Category Archives: Money

Helping Teens Save Money For College

Helping Teens Save Money For College

Without a college degree, employment options are limited, so the majority of high school graduates will consider going on for a college education if they can afford it. College tuition costs across the nation are rising annually, making it increasingly difficult for parents to support their children’s post-secondary education. While financial aid is available at many institutions primarily through students filing the FAFSA application each year, competition is fierce, and most parents or students end up paying at least part of their education fees.

However, saving money for college can be difficult for teens, who are also learning to drive, buying a first car, and paying auto insurance as well as high school senior activity fees like prom and the senior trip. Although Mom and Dad may be helping with these costs, many teens are already working summer jobs or part-time during the school year to assist. Most families agree that college is a priority, so helping teens learn to save toward college expenses is important. Here are a few ways parents can guide their kids toward earning income for the college fund.


Few teenagers are farsighted enough to want to put away money for college. Asking them to deposit every fast food job paycheck into a savings account can reduce their motivation to work. Instead, parents can offer to match whatever amount of their earnings students choose to save toward college, whether it be twenty-five percent, fifty percent, etc. Fund-matching is a great incentive for young people as they watch their savings accounts grow quickly with the help of parents’ matching investment.

Creative Work

Instead of regular teenage jobs like lawn care or babysitting, encourage your teen to try a creative job. Landscape design is a step up from moving lawns, while tutoring is somewhat more prestigious than childcare. If your teen shows promise in a future occupation or creative enterprise, urge them to look for work in related fields. A love of books might translate into a part-time library job, while writing enjoyment could lead to writing freelance articles for young adult publications like Boys’ Life and other teen periodicals that often pay $50 to $100 per article.

Service Jobs

To help students become more community-minded while earning college money, suggest an environment-friendly service like recycling. Collecting aluminum, old tires, or even newspapers can rack up a fair amount of earnings to plump up the college fund while teaching teens the value of keeping neighborhoods clean and litter-free. Public service awareness is an important skill often taught in higher education, so this could be a helpful preparatory activity for college, as well.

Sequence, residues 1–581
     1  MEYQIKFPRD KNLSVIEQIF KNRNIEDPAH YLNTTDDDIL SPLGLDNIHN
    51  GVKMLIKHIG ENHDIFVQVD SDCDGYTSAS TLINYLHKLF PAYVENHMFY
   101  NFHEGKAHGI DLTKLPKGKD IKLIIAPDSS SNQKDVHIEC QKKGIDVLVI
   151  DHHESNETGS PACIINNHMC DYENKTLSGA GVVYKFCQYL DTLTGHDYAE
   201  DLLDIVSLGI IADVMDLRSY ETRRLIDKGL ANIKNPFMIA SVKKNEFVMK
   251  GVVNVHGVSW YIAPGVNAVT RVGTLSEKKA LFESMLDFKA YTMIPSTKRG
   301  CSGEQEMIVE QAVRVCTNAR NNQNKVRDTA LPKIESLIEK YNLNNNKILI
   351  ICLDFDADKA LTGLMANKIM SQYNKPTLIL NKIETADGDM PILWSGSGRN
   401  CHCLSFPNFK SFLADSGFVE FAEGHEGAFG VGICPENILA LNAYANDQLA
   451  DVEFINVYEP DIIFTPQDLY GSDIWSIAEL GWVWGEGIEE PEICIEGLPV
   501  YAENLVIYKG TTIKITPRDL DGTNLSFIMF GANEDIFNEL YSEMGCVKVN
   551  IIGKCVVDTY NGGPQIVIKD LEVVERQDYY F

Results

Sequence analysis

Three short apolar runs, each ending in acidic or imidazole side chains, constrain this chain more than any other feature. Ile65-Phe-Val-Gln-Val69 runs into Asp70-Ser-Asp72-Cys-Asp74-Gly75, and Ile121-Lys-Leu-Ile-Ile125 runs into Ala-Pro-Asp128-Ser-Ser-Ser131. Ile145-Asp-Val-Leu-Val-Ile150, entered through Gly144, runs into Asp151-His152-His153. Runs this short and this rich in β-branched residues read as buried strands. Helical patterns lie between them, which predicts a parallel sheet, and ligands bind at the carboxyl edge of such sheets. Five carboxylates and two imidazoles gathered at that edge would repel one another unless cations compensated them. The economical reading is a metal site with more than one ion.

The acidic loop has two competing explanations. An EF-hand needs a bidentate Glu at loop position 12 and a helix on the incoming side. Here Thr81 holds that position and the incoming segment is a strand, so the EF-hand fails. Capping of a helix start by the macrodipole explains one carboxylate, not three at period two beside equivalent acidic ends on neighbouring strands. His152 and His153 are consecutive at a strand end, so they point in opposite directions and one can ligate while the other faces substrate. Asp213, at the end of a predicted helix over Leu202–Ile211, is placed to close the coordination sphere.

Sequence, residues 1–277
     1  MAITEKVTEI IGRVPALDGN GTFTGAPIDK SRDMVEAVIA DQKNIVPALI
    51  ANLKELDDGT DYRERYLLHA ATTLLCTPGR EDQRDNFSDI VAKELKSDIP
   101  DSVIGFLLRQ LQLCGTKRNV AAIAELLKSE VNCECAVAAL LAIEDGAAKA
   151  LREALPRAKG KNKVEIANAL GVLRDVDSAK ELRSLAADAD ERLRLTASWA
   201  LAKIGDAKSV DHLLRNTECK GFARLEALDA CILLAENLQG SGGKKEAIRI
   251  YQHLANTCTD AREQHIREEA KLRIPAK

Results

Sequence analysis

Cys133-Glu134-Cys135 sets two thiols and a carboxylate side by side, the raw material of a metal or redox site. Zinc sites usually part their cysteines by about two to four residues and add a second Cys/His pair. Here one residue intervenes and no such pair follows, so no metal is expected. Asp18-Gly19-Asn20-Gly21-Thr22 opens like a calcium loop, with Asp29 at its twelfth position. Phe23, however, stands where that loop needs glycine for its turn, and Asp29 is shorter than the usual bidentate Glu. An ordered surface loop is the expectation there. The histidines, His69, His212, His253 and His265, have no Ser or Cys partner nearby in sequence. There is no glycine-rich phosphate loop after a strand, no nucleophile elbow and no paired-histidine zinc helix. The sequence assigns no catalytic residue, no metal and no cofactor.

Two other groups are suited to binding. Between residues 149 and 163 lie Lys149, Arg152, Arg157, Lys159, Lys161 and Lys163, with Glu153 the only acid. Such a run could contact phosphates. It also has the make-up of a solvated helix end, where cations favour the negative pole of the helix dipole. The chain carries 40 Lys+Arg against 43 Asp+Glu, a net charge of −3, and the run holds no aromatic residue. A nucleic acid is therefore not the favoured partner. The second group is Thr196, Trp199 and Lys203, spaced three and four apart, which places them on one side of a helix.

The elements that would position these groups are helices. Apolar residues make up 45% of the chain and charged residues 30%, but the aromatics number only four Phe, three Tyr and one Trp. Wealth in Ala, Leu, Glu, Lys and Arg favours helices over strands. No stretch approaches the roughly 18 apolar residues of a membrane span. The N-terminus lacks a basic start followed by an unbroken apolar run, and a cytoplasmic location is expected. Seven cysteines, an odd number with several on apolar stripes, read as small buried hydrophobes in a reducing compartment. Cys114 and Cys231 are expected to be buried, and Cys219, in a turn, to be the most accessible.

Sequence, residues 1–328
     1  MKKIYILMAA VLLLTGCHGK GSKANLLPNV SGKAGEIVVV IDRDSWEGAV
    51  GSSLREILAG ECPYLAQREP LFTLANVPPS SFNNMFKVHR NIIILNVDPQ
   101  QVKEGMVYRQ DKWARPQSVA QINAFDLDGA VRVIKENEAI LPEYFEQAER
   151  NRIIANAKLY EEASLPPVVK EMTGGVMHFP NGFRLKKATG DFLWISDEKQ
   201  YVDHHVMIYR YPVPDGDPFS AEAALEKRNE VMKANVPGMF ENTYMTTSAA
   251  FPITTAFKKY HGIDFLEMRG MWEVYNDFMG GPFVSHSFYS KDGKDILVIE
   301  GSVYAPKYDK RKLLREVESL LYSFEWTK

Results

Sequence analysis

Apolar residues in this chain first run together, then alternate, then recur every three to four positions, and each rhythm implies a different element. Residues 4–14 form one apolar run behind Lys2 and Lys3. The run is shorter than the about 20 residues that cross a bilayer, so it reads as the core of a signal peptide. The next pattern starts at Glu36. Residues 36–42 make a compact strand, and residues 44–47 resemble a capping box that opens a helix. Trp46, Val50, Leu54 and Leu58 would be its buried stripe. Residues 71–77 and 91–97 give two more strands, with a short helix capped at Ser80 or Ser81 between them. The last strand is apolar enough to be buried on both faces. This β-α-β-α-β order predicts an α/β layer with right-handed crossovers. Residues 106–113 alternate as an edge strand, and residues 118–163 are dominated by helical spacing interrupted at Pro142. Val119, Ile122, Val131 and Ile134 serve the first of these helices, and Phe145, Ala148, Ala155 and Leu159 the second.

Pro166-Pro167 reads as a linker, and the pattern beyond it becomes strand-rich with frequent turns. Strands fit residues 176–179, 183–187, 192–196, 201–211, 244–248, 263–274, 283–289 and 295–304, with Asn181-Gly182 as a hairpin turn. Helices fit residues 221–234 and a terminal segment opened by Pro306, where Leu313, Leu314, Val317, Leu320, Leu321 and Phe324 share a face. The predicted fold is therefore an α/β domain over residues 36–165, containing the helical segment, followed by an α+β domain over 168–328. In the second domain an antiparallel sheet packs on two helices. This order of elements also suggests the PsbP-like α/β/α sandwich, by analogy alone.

Teenagers should learn how to budget their earnings, no matter how meagre, before graduating high school. Teaching them the value of money and how to use credit wisely are life-long skills that can help to prepare them for college. Show them how to use a spreadsheet to chart their income and expenses, and how to plot a monthly budget and a yearly estimated forecast. As they assume more control over their finances, teens will begin to appreciate the opportunities and limits that come with income, and the role that saving for college plays in the process. Moreover, they may begin to look forward even more to college in understanding the increased earning potential a degree will give them.

High school students should gradually be given more authority over income that they generate or spend. Parents might even share some of the regular household information to illustrate broader budgeting principles. As they become accustomed to the big picture of earning, spending, and saving, teens will develop greater respect for the power of education and a future career.

10 Easy Ways to Save Money

10 Easy Ways to Save MoneyWhen you’ve stretched the monthly budget as far as it can go, chances are there are still more ways to save money and ease debit card strain. Check out the following tips and give them a try to put more money into the bank at the end of each month.

Negotiate Everything

Many things are negotiable, especially when you pay cash or promptly. From legal services to a new television or auto repairs, ask if a lower amount is acceptable or if any discounts apply.

Trade Services

Try to exchange skilled services with others that have what you need. For example, a neighbor mechanic could replace your squeaky brakes at a fraction of the cost in exchange for your sitting with the couple’s two children for an evening or two. If you’re good at record-keeping, you could prepare a friend’s taxes for filing in return for a couple of home-cooked meals, fresh or frozen.

Take a Class

Sign up for a local community college class or take one online to learn simple auto maintenance to take care of your car and avoid costly service fees. Learn cake decorating and start a side business.

Dine at Home

Cut back on eating out by planning a nice but simple dinner at home. Put on a pretty tablecloth and set the table as if for guests. Cook a tasty meal that you haven’t had for a while, and enjoy!

Drop Unneeded Services

Check your monthly utility bills to see if you are paying for unneeded services. Maybe you paid off that new cell phone but are still carrying the $7.99 insurance fee. Get rid of unused cable services. Reduce monthly trash pickup when the kids go away to college and trash dwindles by half.

Shop for Low-Cost Credit Cards.